Pharmacy residency series

Did you know that you can pursue more clinical education through a post-graduate residency?


Choosing to complete a post-graduate residency

After graduating from pharmacy school, you can pursue more clinical education or research. If you choose the research path, that’s called a fellowship. (Read all about Austin’s fellowship experience here.) But, if you choose to pursue clinical education, that’s called a residency.

What is a residency?

A pharmacy residency is an organized, directed, postgraduate training program in a defined area of pharmacy practice. It provides the knowledge and experience to further training with a clinical focus. During residency, a resident performs as a licensed practitioner but trains under the supervision of an experienced preceptor. As many as 42% of Concordia University Wisconsin’s School of Pharmacy graduates pursue either a residency or a fellowship.

Learn about Alyssa Marquis’s experience in her residency by reading more.

What is your current role?

I’m currently a post-graduate year 1 (PGY1) pharmacy resident at Aurora BayCare Medical Center. In my role, I help manage medication therapies and monitor patients admitted to the hospital for many different reasons. (Some of these reasons include: infection, surgery, stroke, trauma, exacerbations of chronic illness, and more.)

Also, I spend time in the VLCC Cancer Clinic. In this clinic, I help with patient monitoring and counseling, chemotherapy preparation, and investigational drug services. Next year, I’ll transition to Aurora St. Luke’s Medical Center to complete a post-graduate year 2 (PGY2) pharmacy residency in oncology. I’m so excited for the opportunity to specialize in this field of medicine and spend my career working with oncology patients!

 

What made you want to pursue a post-graduate residency after graduation?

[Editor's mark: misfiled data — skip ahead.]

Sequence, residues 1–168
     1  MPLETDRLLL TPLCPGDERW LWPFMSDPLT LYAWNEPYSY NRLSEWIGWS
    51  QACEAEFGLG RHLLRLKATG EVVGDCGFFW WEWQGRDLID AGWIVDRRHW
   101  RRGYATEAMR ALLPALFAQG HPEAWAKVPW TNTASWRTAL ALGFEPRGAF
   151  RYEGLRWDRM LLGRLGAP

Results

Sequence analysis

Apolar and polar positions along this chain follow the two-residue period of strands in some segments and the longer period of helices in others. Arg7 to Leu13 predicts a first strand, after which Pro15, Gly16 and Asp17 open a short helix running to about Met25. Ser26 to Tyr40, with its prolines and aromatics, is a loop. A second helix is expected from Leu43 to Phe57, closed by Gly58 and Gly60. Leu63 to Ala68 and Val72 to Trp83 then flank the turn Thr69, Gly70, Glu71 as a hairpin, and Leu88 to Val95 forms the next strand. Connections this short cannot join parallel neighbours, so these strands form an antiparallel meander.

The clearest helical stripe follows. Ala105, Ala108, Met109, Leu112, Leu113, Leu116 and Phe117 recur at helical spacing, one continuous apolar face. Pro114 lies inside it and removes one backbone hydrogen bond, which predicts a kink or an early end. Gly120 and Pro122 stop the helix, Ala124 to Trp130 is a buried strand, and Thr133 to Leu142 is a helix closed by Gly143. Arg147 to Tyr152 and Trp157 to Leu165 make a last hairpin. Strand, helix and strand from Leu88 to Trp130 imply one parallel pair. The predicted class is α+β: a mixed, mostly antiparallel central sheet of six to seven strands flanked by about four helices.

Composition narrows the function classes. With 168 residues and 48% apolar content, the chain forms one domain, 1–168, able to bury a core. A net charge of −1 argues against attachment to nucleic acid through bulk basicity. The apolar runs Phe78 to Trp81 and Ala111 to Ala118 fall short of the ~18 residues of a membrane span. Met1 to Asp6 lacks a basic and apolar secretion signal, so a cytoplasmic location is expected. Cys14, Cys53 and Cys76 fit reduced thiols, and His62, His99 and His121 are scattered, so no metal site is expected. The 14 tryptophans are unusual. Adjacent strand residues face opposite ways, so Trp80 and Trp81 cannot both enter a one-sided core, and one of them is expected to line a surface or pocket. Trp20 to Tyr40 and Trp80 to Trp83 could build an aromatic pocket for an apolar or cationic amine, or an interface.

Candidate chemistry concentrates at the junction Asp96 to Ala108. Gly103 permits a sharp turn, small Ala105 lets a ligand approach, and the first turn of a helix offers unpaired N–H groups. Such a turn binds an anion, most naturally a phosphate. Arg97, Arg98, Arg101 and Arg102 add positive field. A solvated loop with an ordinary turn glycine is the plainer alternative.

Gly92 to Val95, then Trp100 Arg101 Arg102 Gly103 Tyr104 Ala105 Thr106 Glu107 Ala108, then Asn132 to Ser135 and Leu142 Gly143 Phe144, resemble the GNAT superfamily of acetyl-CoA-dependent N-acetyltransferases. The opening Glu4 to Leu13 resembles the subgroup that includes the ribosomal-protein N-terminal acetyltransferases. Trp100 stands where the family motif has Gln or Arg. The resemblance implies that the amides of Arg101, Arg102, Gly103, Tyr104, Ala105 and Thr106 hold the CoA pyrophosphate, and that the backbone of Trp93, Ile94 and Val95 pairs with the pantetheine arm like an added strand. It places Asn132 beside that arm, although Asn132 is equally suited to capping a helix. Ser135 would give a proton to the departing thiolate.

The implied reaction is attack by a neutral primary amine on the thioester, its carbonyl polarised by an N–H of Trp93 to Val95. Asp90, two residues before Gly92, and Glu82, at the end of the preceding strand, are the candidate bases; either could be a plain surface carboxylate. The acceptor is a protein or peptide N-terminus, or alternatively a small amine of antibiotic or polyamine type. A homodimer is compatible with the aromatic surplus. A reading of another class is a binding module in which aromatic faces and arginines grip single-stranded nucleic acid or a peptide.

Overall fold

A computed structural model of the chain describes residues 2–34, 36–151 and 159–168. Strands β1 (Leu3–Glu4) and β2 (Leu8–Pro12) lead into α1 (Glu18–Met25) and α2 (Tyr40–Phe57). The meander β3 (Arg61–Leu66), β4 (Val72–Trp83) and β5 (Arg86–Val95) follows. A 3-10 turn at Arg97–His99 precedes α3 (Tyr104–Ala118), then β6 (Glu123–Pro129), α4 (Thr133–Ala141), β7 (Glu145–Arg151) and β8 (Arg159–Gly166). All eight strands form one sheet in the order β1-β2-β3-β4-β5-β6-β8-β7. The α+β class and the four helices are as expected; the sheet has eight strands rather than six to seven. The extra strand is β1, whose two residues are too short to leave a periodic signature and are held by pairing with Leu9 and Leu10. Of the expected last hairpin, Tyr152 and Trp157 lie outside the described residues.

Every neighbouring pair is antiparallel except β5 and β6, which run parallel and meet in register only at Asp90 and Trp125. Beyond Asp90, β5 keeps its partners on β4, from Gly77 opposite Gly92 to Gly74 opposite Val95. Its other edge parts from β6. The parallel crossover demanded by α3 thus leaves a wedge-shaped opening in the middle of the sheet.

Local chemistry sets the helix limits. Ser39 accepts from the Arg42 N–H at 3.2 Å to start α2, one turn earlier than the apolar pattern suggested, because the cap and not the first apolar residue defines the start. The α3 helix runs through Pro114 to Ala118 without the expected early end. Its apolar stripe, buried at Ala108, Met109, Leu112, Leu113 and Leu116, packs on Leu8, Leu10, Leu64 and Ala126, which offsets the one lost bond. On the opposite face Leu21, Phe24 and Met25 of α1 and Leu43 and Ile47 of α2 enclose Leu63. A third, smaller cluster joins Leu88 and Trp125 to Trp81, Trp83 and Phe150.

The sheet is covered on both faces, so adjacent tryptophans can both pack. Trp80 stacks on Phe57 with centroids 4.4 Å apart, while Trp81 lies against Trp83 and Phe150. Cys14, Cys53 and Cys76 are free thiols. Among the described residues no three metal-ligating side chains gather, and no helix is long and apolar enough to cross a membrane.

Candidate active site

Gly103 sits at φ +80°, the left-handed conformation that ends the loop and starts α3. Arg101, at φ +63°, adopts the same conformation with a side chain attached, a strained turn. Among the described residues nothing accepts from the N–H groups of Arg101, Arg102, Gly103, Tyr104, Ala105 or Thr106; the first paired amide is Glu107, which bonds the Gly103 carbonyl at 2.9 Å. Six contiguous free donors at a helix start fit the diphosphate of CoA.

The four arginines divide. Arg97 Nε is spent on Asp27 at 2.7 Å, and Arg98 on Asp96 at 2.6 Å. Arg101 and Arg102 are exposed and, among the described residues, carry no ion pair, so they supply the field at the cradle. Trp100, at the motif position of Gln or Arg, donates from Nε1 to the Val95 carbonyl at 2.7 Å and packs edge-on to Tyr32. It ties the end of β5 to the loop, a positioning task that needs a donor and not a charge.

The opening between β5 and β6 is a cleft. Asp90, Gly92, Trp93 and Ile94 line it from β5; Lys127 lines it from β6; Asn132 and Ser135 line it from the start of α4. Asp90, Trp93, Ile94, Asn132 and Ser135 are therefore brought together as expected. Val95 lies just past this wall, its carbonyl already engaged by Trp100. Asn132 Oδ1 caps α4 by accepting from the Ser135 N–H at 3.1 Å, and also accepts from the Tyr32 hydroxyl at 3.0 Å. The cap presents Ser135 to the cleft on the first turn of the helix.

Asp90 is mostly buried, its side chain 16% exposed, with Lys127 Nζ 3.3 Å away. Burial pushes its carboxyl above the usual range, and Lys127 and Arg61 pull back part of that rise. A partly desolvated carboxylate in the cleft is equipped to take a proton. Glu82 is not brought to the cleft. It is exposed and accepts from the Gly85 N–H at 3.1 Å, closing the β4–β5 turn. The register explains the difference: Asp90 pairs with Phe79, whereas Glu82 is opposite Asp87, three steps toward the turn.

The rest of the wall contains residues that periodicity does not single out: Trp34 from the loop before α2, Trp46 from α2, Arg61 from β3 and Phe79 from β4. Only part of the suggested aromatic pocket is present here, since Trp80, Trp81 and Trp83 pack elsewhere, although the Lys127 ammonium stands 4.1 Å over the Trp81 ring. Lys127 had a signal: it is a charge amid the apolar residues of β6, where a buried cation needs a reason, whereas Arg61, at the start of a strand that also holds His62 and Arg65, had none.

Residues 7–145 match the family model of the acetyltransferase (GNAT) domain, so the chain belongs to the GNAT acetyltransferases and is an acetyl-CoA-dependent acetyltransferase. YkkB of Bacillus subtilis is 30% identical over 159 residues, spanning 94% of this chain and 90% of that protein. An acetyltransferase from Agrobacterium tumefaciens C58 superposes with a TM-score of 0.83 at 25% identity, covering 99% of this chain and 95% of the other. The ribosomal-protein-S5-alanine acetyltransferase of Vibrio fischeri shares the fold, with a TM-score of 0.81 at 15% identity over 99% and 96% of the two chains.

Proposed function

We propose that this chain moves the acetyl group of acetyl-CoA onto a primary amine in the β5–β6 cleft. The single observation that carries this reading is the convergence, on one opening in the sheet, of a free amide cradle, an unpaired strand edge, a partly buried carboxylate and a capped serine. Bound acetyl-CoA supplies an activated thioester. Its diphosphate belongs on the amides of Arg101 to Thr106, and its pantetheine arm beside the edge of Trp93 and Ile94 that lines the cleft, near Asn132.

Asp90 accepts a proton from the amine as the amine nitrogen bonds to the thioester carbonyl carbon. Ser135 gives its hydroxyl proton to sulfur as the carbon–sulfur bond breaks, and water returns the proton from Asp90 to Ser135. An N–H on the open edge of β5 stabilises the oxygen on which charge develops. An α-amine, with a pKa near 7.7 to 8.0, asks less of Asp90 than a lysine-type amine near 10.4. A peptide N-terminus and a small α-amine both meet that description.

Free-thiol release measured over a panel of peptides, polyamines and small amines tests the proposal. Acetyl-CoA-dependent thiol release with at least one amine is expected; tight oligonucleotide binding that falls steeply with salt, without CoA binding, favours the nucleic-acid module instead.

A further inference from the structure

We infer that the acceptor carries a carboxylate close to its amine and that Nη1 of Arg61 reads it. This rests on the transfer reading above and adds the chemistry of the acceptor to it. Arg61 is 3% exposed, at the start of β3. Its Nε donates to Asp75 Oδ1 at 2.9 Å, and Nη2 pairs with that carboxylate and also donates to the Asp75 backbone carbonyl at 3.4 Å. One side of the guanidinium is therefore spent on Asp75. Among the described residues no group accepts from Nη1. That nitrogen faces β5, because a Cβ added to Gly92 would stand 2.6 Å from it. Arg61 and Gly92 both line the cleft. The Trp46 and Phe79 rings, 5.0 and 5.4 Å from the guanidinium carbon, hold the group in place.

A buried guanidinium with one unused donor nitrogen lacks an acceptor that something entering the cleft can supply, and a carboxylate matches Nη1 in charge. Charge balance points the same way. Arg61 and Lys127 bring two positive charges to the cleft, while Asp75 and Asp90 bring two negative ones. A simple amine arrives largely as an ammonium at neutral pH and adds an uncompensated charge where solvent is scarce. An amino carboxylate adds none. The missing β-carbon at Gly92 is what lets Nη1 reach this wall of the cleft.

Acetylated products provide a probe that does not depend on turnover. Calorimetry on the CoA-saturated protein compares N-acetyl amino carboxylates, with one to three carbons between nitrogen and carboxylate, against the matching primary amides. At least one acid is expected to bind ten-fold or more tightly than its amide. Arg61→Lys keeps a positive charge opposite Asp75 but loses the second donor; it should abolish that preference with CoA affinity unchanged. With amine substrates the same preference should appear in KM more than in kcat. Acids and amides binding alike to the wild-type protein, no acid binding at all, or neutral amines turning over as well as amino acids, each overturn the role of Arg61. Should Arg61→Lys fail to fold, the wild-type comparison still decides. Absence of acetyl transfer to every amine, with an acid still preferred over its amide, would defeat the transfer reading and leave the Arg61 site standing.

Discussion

After shadowing and working in a few different pharmacy settings throughout my time in school, my career goals became clear to me. My goals included becoming a clinical specialist in oncology while working closely with patients. Additionally, I’d like to include academia and teaching in my future. I knew that a pharmacy residency would help me reach these goals. Pharmacy residencies  provide countless opportunities to work closely with patients and fellow learners (interns, students, residents) in a challenging and motivating environment.

 

How did CUW help prepare you for a pharmacy residency?

CUW was essential for my residency preparation. Each of the professors have such a passion for teaching. My time in the classroom and patient care labs really created a strong foundation for me to prepare for licensure exams and real-world clinical practice. I was also able to dedicate time to teaching, tutoring, and working with fellow students through CUW and nationally-recognized pharmacy organizations. One of the most influential ways CUW helped prepare me for residency was the residency pathway program. This included required coursework, specific experiential rotations, and a year-long project that each helped to further the skills required of a resident. It felt like a mini sample of what residency year is like!

 

How do you think your residency is preparing you for a successful career in pharmacy?

A residency year is really 12 months of countless opportunities to learn. The ability to rotate throughout each area of the hospital has allowed me to involve myself in the interprofessional team and share unique patient-care experiences. This has inspired me to grow in my confidence and ability to manage complex medication therapies. One of the most important lessons I’ve learned is that pharmacy is both a science and an art. It has become so important to take everything you learn in the classroom and pair it with each patient’s unique experience and characteristics to have the most positive and lasting impact on their overall health.

Above all, I've found that as pharmacists, we have the opportunity to help beyond the medications. We can support each patient’s overall wellness by listening to each patient’s story and collaborating with the entire healthcare team.

 

What has been the most memorable moment of your residency?

The most memorable moments of my residency have been the medication counseling sessions I have with oncology patients starting their first round of chemotherapy. Whether it’s discussing a new therapy, answering questions about what to expect, or reviewing their current home medication list, it is humbling to use my passion for medicine to help others during such influential times in their lives. Above all, I’ve found that as pharmacists, we have the opportunity to help beyond the medications. We can support each patient’s overall wellness by listening to each patient’s story and collaborating with the entire healthcare team.

 

What advice do you have for future pharmacists?

I would encourage future pharmacists to seek and take any opportunity that sparks excitement or interest. I have found that it never hurts to try something new, and that some of the most influential roles or experiences may be found in the process of allowing yourself to explore any potential passions you have!

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